Welcome to the fifth edition of WTF (What’s the Future) of Settlement Work!
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What I’m writing or talking about
In 2015, I wrote about where we might be in a few years when it comes to technology innovation in the immigrant and refugee-serving sector: “It’s 2018. Other nonprofit and for-profit settlement service providers have gone forth and are providing client service online. The settlement sector has learned from the lessons of early service technology adopters. Settlement organizations have more completely integrated technology into their service philosophy and policies, and are exceeding standards for technology and service practice.” Still got a bit of a way to go.
Deep Dive: public-interest technologists
If you’re interested in cybersecurity, online trust and security and privacy in general, you should be reading Bruce Schneier’s work. I hadn’t heard about the idea of public-interest technologists (as compared, say, with civic tech folks) and I like it. It’s a fit for our sector, its values (i.e. the CCR 12 Core Settlement Values) and as a way of looking at technology as something that serves us, rather than us serving it: “The Ford Foundation defines public-interest technologists as “technology practitioners who focus on social justice, the common good, and/or the public interest.” A group of academics recently wrote that public-interest technologists are people who “study the application of technology expertise to advance the public interest, generate public benefits, or promote the public good.” Tim Berners-Lee has called them “philosophical engineers.” I think of public-interest technologists as people who combine their technological expertise with a public-interest focus: by working on tech policy, by working on a tech project with a public benefit, or by working as a traditional technologist for an organization with a public benefit. Maybe it’s not the best term — and I know not everyone likes it — but it’s a decent umbrella term that can encompass all these roles.”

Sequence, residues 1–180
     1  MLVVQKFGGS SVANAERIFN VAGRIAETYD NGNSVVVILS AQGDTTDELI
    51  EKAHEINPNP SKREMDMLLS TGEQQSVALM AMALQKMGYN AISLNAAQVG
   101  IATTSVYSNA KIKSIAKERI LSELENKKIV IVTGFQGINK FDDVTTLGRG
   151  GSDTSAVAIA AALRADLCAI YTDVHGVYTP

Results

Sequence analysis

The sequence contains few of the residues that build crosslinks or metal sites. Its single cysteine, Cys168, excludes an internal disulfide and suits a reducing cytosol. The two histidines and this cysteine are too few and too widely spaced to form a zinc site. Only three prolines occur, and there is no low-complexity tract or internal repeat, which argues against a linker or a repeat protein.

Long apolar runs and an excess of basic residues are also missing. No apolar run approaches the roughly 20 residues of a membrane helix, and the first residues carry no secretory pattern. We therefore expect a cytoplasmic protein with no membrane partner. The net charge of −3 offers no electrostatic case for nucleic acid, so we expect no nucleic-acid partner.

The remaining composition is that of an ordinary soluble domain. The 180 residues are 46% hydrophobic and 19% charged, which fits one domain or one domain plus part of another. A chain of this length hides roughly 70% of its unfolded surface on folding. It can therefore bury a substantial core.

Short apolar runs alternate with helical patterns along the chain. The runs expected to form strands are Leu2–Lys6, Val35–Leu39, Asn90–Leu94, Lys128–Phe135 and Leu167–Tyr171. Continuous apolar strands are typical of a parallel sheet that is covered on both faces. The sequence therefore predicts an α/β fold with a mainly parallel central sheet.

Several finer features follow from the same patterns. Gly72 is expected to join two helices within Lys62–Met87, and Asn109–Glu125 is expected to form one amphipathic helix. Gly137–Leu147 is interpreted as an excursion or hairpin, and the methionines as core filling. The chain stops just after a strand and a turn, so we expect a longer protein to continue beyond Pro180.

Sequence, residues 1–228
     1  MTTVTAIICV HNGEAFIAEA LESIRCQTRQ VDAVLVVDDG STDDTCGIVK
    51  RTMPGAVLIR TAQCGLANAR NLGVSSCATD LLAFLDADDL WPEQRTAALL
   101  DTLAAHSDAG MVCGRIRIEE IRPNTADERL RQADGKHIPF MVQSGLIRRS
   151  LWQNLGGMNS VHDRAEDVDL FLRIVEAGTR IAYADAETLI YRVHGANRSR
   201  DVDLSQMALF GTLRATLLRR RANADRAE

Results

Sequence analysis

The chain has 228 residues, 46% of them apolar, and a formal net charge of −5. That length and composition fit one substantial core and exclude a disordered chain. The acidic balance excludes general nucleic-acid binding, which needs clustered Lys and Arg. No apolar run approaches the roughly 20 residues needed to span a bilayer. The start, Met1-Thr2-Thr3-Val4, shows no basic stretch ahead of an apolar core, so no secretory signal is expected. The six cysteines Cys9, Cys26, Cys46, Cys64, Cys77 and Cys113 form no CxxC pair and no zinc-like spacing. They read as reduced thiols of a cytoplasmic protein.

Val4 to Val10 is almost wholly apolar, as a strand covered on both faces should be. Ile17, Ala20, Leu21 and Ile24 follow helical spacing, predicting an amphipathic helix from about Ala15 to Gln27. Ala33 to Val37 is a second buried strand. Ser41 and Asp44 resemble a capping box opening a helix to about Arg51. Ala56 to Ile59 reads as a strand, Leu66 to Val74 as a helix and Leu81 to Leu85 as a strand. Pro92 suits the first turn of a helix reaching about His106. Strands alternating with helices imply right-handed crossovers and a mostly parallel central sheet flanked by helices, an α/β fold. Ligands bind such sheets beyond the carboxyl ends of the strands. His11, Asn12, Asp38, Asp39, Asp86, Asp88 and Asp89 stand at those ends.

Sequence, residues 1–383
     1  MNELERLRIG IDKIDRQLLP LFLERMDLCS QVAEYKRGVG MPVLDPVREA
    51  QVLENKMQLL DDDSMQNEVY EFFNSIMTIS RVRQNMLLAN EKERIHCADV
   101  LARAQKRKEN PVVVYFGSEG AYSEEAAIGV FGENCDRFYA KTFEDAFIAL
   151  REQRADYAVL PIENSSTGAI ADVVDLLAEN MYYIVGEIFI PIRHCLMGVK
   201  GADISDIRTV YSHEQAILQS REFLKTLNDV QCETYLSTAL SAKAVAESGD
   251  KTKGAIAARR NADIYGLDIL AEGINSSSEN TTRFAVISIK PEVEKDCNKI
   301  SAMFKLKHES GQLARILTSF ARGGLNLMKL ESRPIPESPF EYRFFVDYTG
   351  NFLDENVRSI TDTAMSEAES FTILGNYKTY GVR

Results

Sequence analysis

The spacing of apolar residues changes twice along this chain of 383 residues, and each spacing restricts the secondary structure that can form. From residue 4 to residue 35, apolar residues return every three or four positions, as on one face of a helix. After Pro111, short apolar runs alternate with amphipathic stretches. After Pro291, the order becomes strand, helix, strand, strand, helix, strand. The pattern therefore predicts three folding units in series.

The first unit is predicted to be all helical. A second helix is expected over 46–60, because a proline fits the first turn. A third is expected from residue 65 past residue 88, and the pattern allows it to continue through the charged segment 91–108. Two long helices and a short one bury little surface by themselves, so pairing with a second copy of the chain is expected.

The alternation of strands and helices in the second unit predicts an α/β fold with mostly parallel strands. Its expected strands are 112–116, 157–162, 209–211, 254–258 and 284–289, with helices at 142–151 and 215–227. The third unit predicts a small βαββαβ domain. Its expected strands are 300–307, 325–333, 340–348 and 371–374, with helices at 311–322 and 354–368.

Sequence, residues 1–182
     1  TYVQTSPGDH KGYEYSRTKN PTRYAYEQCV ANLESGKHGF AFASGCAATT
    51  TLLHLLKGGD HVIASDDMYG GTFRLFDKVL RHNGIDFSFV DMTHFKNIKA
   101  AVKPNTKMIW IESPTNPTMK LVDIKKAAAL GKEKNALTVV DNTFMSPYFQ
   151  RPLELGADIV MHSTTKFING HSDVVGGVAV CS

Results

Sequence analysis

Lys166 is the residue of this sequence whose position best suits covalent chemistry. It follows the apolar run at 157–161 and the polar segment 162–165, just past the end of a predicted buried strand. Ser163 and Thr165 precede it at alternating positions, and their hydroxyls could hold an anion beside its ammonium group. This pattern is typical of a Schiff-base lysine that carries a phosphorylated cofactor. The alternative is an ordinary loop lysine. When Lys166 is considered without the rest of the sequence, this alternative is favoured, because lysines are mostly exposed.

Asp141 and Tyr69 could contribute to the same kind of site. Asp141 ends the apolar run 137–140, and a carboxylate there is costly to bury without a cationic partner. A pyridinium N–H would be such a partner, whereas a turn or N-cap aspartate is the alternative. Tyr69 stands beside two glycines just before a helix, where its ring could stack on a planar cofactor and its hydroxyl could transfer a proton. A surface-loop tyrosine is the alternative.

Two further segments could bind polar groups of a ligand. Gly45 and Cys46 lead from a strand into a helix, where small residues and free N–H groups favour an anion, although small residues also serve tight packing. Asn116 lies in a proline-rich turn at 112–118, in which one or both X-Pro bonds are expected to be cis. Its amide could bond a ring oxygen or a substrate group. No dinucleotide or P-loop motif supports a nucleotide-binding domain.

Make sure you also check out his regularly updated list of Public-Interest Technology Resources (which I just discovered and now have a lot of reading to do).
Existential technology thinking
How the Canadian government is only boosting the surveillance of immigrants without any regard for their humanity.
OK, this is perhaps more practical, and pressing, than existential, but the article does a great job of meandering through and connecting the many philosophical, practical, and pressing issues facing our sector when it comes to increased government use of surveillance technologies in immigration and settlement, without as much oversight as perhaps it requires: “Unlike the aunties of Regent Park, the watchful eye of police and an immigration algorithm is far from forgiving, let alone caring. Where aunties understand the cultural context, the dynamics and relationships between their children and their friends, and their motivations, the surveillance tools pursued by the government have no regard for the humanity of these individuals, seeing the predominantly low-income community of colour as criminal and worse, not deserving a place in Canadian society. These tools will birth a generation of fearful immigrants kept outside the sphere of political engagement and full civil liberties. Before deploying new tools for the surveillance of communities in Regent Park and beyond, consultation, outreach, and a deep understanding of the motivations of these immigrants must be pursued. For now, immigrants in Regent Park are under the watchful eye of aunties. Perhaps the Canadian government would be better off consulting with them to perfect their immigration decisions.”
Learn, Learn, Learn
All settlement workers should be experts in providing Information and Referral. This course is a great introduction (disclaimer: I helped create it so might be biased… ) Run by Findhelp Information Services’ amazing trainer, Faed Hendry (if you’ve even been lucky enough to experience his training, you know he’s awesome), this self-directed online training course is ideal for Case Managers, Settlement Workers in Schools (SWIS), Settlement Workers in Libraries, Settlement Counsellors, LINC or ESL Teachers or others that have direct contact with immigrants and refugees. Find it on the OCASI Learn AtWork site: Settlement Information and Referral Online Training Program (Self-Directed).